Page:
Saturday, September 14, 2019

The question Joe Biden needs to be asked about Iraq

We're returning to the Democratic Party's presidential debate on Thursday night to expand the Joe Biden focus to include Bernie Sanders.  We covered the immigration issue/crisis and the press' racist response to Julian Castro holding Joe Biden accountable in Friday's snapshot.

Those are the two biggest issues though some idiots are trying to pretend otherwise -- VOX, we'll get to you in a moment. As I pointed out at the start of August, the Democratic Party has used the immigration issue/crisis to whip up anger against President Donald Trump.  And they seem to think that, if elected, they can then blow off the issue -- the way they did the Iraq War following the 2006 mid-terms.  This is not the Iraq War.

The immigration issue/crisis directly impacts people on US soil.  Whether the media covers it or not, the issue won't go away.  It's not the Iraq War which vanished from many people's radars when the US press withdrew in large numbers at the end of 2008.  Remember how ABC was going to cover it after that?  By using reports from the BBC -- that's what they announced.  And they helped the country pretend that the war was over.

That won't happen with immigration.  Deportations are happening on US soil.  The people being deported have friends and family in the US.  The Democratic Party -- a segment of which supported the Iraq War -- used the war to demonize Bully Boy Bush and turn out voters.  Then they did nothing.  Today, they use the immigration issue/crisis to demonize Donald and to turn out votes.  But if you pay attention, very few Democrats in Congress have offered any leadership on this issue nor will they following the 2020 election.  In fact, for all the pretense of opposition to the wall, it's not that different, what Donald's trying for, then what Hillary Clinton and others have proposed in the past.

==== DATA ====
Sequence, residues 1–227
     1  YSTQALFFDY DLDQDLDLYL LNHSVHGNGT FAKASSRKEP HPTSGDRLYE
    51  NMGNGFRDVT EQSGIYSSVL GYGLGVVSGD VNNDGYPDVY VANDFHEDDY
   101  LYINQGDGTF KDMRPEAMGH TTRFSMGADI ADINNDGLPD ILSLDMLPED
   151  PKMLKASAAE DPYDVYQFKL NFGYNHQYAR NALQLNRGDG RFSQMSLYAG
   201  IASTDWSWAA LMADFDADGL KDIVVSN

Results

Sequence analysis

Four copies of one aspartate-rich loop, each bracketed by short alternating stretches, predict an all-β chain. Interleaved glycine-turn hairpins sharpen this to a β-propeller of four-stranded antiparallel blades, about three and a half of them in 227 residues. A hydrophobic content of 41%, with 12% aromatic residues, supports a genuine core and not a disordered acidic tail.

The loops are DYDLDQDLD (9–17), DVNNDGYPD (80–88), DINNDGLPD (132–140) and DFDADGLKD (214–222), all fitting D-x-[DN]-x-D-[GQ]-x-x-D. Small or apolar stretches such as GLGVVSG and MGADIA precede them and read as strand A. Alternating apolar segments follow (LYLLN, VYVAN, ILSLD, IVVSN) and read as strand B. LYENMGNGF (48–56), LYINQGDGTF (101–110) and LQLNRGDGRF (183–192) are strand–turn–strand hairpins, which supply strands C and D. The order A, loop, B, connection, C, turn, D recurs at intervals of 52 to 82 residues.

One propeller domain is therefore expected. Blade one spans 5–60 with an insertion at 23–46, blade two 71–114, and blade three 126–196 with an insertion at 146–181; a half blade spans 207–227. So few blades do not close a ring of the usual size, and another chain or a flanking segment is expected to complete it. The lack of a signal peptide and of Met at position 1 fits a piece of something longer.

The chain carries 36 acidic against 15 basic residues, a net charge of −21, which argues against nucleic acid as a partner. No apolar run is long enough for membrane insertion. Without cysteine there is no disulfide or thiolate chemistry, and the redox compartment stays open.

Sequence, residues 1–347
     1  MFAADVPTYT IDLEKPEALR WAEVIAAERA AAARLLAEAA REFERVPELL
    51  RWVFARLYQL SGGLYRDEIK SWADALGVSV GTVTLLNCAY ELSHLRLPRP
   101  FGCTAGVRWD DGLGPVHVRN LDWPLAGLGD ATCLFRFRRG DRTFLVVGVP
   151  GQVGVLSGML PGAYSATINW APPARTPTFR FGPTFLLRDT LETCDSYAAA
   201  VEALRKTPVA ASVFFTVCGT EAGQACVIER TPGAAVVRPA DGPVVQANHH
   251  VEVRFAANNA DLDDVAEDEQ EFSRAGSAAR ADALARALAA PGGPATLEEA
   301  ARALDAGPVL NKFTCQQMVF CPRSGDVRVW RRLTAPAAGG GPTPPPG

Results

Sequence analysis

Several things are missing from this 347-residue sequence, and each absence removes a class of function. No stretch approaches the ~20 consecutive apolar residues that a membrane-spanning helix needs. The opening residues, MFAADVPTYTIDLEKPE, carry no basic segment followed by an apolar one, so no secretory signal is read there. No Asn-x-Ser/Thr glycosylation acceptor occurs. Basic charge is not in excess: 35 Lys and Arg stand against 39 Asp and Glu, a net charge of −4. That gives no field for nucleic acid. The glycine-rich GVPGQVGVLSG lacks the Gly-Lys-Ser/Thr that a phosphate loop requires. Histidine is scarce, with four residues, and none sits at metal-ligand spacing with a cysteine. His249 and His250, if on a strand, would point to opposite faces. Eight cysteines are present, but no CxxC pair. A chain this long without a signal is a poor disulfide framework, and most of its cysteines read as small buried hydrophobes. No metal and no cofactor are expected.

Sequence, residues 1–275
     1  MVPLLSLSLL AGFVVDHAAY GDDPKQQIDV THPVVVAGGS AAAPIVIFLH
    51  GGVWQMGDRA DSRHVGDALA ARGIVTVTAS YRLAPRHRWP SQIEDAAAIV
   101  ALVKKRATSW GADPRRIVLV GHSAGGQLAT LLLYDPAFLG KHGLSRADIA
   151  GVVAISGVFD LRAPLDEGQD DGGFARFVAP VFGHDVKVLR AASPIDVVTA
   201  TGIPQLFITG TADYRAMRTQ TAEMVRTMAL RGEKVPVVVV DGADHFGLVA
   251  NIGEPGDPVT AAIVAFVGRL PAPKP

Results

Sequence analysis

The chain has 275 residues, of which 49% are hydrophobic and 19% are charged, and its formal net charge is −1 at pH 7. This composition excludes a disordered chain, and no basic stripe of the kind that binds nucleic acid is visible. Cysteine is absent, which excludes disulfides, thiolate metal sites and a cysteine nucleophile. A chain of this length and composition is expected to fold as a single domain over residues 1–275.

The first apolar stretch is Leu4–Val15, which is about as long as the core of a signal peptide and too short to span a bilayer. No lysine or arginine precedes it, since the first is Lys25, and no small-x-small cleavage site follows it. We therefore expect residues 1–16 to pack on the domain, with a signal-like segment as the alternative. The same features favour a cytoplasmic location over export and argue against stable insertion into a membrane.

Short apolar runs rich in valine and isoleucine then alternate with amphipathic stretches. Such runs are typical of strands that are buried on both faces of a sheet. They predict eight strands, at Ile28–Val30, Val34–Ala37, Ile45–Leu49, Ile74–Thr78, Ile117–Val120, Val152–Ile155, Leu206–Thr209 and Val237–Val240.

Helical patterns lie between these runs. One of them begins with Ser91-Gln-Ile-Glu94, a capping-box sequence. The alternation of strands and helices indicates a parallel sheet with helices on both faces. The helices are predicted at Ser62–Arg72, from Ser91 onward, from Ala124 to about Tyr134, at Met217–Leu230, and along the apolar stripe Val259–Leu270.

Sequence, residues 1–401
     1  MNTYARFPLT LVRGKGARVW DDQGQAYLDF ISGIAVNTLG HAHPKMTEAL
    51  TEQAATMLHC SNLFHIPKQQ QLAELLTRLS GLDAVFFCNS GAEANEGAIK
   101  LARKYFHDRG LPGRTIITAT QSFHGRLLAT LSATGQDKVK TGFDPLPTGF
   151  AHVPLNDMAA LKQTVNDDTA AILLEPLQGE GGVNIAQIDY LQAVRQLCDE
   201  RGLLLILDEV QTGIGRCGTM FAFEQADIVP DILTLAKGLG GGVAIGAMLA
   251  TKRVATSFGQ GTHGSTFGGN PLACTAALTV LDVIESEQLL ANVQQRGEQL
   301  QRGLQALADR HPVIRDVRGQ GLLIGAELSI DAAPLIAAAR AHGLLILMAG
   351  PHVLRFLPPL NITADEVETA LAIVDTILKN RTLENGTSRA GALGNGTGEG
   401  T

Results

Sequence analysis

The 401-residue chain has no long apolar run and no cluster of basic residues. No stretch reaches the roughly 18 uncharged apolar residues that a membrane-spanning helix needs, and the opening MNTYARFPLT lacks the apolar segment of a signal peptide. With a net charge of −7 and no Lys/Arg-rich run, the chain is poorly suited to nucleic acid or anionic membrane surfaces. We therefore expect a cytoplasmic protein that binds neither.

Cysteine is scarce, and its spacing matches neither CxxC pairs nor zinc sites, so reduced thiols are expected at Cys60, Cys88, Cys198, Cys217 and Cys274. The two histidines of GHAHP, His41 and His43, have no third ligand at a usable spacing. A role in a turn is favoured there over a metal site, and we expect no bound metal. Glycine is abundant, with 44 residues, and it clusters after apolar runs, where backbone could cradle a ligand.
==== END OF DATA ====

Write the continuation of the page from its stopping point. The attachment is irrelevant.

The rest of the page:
So that makes it the biggest issue of the debate.  It effects the lives of so many and the Democrats are promising to fix the issue but that fix is not coming.

The racism directed against Julian Castro?  We are seeing a punditry use racism while they castigate Donald a s a racist.  That's a major story.  The Anglo White man was challenged by the Anglo Latino and the press -- which spends so much time posing as 'woke' -- has responded with a racist attack on Julian Castro.

Let's turn to Iraq.  We're using the NBC NEWS transcript.

MUIR: Mayor Buttigieg, thank you.
I want to turn to Vice President Biden, because the concerns about any possible vacuum being created in Afghanistan, if you pulled the U.S. troops out, has been heightened by what we've seen in recent days on the ground in Iraq.
When you were vice president, President Obama turned to you to bring the troops home from Iraq. You have said on the campaign trail, quote, "I made sure the president turned to me and said, Joe, get our combat troops out of Iraq." There was a major drawdown of U.S. troops, and then ISIS seized by some estimates 40 percent of the territory in Iraq. You then had to send thousands of troops back in. Was it wrong to pull out of Iraq that quickly? And did the move actually help ISIS take hold?

BIDEN: No, it wasn't wrong to pull out. But I want to answer your Afghanistan question. I've been in and out of Afghanistan, not with a gun, and I admire my friend for his service. But I've been out of Afghanistan I think more than anybody on this -- and it's an open secret, you reported a long time ago, George, that I was opposed to the surge in Afghanistan.
The whole purpose of going to Afghanistan was to not have a counterinsurgency, meaning that we're going to put that country together. It cannot be put together. Let me say it again. It will not be put together. It's three different countries. Pakistan owns the three counties -- the three provinces in the east. They're not any part of -- the Haqqanis run it. I will go on and on.